Confronting Russian energy hegemony in Europe



Russia’s global aggression has included both overt and covert acts—most notably military interventions in Ukraine and Syria, influence peddling in Venezuela, and election meddling throughout the West. But the threat posed by Russian control over energy is just as significant—and growing. Russia is seeking to expand its energy influence in China, India and, especially, Europe. In my interactions with European and U.S. government officials, it has become clear that Russian energy is an increasingly critical issue for European autonomy and security, as well as for the strategic global interests of the United States.

More than a dozen U.S. allies in Europe rely on Russian gas for at least 75% of their energy. Gazprom, the Kremlin-backed energy giant, commands more than a third of Europe’s gas imports. Industry leaders expect Russia to export a record 200 billion cubic meters of gas this year and in the short term, Russia’s energy leverage is likely to grow even more. Europe’s domestic gas output is expected to fall in the coming years, while demand rises, and Russia is moving to fill the gap with new pipelines through the Baltic and Black Seas.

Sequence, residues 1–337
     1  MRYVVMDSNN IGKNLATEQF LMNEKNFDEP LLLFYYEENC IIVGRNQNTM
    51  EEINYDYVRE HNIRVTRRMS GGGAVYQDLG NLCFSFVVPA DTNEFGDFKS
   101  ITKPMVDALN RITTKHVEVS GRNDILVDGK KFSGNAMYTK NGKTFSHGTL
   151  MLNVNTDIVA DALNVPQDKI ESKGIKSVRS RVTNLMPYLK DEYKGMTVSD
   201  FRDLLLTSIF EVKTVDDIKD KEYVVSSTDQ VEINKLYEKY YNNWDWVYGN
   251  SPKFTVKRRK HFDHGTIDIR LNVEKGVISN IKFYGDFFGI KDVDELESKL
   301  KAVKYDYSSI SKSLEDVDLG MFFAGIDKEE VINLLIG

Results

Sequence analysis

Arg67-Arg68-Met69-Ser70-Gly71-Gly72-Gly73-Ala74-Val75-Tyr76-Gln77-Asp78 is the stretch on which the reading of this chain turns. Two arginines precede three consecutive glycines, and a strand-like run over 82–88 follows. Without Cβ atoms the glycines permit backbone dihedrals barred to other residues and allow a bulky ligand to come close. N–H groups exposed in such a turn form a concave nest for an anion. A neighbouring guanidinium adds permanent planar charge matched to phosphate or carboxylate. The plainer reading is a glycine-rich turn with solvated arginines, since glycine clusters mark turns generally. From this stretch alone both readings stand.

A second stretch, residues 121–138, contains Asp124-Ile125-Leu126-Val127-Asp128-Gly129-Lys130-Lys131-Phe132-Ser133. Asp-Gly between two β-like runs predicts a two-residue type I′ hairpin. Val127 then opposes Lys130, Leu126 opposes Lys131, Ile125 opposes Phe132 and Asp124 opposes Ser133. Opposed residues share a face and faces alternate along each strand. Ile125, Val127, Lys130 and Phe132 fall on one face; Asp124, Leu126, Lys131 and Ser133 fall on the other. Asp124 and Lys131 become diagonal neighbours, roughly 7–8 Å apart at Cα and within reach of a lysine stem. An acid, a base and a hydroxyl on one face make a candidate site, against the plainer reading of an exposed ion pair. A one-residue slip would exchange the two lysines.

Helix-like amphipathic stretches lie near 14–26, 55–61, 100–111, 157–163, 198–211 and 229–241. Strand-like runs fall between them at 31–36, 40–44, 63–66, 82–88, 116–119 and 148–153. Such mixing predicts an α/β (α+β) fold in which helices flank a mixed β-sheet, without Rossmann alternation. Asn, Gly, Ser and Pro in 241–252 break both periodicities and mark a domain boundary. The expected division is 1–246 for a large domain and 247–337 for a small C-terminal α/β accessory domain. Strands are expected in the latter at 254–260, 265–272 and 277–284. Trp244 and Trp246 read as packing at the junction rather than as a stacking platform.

The rest of Europe should look at Poland as a role model for diversifying energy sources and fighting against Russia’s energy hegemony. And, like Poland, other European nations should look to the U.S. as an allied source of energy—to bolster the continent’s economic strength and reduce its dependence on Russian energy. Energy security IS national security—for Europe as a whole, as well as for each country individually. As both the most important asset in Russia’s economy and the lubricant for its external aggression, energy must continue to be a prime focus in the West’s actions toward Russia.

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